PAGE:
HALTOM CITY — Richard Villa Garcia got a kick out of making people laugh, he loved to help kids find their way, and he was devoted to improving relationships between fellow Hispanics and others in the community, his friends said Tuesday.“He had a different perspective in respect to the Hispanic community, and we needed that perspective,” said Haltom City Mayor Richard Hutchison.Only a few months into his second term as a Haltom City council member, Mr. Garcia died Monday at a Fort Worth hospital of complications of diabetes. He was 67.His re-election in May despite obviously failing health during the campaign spoke volumes about the high regard in which his constituents held him, Hutchison said.“He served with a tremendous amount of integrity and provided a great amount of wisdom to the council,” he said.Born March 12, 1946, in San Angelo to Crecensio Hogeda Sr. and Margarita Garcia, Mr. Garcia graduated from San Angelo Central High School and Angelo State University. His only surviving family is a half-brother, friend Vicki Shad said.A retiree from state government, Mr. Garcia’s greatest contributions to the Haltom City council were “strong opinions and insight into agenda items,” Hutchison said. “He served in the Texas attorney general’s office and brought essential viewpoints to the council, especially where the issues concerned state law.”Friends who gathered Tuesday to arrange a memorial service for Mr. Garcia said he probably would want to be remembered for other things.“His greatest accomplishment was helping other people,” said Ray Robinson, a friend since 1977. “He was always very quiet, but he loved to be with children and help them as a mentor.”There was a part of his life in which Mr. Garcia wasn’t quiet at all, Robinson said.“He was president of the [Moslah] Shrine Drum and Bugle Corps,” he said. “He also was a Shrine clown and was involved in all the Shrine Circuses.” A member of the Suez Temple in San Angelo since 1977, Mr. Garcia associated with Fort Worth’s Shriners in 1985, said Ellen Mitchell, a Moslah Temple spokeswoman.Fellow clown Coy Hart said Mr. Garcia’s Auguste-style clown character won second or third place several times in competitions.“He joined the clown unit about 1987 and was president in 1995,” Hart said. “He was a life member of the Moslah Temple Clowns, and his clown name was Tuty, as in Tuty Fruity.” Robinson said that Mr. Garcia’s personality shone even when he was out of sight.“In 1981 or ’82, he got disk jockey of the year on a radio station in San Angelo,” he said.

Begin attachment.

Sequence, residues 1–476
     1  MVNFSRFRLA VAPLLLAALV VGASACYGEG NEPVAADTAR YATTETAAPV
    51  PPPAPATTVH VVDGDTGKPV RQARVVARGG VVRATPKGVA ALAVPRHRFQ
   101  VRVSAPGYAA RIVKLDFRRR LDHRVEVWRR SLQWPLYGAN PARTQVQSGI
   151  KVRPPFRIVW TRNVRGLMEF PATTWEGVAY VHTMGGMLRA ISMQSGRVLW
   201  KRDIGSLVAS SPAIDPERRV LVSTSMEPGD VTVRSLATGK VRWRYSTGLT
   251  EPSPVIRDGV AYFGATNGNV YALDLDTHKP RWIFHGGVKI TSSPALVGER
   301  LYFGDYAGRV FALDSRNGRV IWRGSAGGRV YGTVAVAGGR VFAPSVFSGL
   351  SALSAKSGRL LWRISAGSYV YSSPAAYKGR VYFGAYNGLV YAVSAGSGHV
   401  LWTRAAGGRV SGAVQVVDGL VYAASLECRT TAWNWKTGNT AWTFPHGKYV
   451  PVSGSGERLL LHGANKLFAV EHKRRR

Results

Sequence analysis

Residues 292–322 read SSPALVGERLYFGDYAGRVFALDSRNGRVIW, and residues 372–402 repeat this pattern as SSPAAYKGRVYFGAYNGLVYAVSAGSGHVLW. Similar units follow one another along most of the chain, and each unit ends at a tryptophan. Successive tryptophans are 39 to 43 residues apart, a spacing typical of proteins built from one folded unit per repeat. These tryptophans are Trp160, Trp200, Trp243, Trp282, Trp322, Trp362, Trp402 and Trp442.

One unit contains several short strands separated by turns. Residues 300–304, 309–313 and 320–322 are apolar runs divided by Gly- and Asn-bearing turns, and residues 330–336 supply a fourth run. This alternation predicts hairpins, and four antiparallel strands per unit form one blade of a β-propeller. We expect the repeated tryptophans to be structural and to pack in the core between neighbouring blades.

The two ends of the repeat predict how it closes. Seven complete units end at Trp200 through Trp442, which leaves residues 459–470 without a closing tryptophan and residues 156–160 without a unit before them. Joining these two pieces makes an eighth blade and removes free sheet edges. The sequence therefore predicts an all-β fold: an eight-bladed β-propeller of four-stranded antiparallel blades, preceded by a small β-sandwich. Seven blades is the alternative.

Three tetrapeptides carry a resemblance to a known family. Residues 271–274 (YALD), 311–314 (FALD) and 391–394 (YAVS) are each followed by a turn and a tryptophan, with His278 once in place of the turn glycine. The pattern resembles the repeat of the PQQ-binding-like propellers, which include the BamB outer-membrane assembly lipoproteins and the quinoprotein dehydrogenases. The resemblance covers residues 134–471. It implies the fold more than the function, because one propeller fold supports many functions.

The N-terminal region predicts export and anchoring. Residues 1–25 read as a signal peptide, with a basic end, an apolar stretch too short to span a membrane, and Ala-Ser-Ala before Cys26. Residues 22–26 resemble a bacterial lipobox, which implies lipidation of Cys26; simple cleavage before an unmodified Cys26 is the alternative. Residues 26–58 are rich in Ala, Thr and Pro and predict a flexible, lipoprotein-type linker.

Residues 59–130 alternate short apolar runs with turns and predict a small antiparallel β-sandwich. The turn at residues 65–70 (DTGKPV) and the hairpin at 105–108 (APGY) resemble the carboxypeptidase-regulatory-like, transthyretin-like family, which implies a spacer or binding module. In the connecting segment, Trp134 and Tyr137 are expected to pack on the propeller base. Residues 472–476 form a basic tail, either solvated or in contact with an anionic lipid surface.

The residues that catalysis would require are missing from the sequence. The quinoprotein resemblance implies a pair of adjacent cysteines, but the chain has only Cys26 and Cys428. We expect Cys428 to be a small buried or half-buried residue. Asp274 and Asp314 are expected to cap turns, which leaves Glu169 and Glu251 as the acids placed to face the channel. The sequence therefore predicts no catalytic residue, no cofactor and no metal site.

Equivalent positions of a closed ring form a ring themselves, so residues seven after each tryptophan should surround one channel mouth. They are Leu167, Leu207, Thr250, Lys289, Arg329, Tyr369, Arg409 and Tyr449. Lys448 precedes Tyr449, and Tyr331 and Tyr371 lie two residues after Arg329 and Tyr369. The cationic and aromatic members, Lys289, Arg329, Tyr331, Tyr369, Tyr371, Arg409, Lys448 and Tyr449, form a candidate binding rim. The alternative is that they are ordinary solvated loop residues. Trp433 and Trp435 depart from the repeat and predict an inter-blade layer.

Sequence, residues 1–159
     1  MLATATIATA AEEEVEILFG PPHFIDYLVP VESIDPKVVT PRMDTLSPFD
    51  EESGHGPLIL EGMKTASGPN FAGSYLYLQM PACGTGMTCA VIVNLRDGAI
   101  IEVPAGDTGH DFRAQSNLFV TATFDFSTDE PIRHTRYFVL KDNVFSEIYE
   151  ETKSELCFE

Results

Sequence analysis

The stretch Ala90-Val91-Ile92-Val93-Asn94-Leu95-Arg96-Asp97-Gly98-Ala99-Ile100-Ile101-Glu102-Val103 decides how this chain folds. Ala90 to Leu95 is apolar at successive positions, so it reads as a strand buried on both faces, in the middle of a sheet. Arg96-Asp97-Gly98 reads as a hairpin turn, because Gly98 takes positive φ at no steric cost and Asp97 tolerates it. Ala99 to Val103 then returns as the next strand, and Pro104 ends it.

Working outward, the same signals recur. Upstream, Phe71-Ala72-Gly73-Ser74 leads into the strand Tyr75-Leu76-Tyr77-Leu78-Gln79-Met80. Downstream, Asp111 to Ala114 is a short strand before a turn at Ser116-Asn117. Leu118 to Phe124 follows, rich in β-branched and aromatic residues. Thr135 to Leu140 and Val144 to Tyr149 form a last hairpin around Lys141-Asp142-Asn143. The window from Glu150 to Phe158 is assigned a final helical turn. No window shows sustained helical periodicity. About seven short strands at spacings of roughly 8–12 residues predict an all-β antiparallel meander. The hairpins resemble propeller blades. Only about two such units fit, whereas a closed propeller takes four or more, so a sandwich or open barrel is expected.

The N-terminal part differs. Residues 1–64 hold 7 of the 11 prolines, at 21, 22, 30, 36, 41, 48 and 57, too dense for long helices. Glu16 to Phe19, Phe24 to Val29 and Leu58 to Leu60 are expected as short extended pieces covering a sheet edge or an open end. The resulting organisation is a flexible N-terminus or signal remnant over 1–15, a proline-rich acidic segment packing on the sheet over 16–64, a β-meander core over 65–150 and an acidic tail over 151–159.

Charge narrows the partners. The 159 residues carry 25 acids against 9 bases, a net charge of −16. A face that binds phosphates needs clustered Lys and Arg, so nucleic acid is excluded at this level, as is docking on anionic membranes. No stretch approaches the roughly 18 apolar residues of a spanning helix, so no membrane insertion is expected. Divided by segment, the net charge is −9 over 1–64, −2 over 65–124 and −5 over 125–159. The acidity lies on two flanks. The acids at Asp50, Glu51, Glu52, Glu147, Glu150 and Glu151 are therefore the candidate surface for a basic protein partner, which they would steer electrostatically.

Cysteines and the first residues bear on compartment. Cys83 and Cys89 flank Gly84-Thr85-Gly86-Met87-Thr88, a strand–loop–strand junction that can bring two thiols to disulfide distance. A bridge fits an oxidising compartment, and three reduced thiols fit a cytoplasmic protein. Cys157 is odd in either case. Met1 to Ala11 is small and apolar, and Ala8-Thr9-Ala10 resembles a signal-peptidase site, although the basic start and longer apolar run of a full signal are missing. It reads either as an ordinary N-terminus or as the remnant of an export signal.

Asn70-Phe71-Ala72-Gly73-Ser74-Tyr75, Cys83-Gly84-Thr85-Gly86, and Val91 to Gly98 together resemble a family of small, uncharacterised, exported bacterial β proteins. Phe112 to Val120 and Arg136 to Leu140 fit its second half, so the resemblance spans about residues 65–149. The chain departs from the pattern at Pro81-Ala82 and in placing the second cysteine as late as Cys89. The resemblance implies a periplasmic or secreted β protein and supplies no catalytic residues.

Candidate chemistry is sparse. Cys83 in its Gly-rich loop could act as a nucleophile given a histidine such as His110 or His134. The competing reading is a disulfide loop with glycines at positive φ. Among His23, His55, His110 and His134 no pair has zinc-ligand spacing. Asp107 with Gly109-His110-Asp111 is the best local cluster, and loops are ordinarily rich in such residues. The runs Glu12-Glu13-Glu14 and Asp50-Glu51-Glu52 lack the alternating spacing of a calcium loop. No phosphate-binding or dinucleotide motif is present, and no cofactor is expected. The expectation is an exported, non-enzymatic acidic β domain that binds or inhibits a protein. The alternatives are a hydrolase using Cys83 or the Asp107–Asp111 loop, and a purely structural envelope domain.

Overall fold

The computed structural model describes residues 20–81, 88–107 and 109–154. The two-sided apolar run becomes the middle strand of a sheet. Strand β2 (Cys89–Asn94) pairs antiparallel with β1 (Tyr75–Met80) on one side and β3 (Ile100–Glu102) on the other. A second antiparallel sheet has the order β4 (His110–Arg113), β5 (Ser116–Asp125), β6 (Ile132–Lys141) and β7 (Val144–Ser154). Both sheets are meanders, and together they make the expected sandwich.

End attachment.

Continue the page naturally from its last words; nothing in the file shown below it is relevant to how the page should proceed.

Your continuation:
Terry Evans, 817-390-7620 Twitter: @fwstevans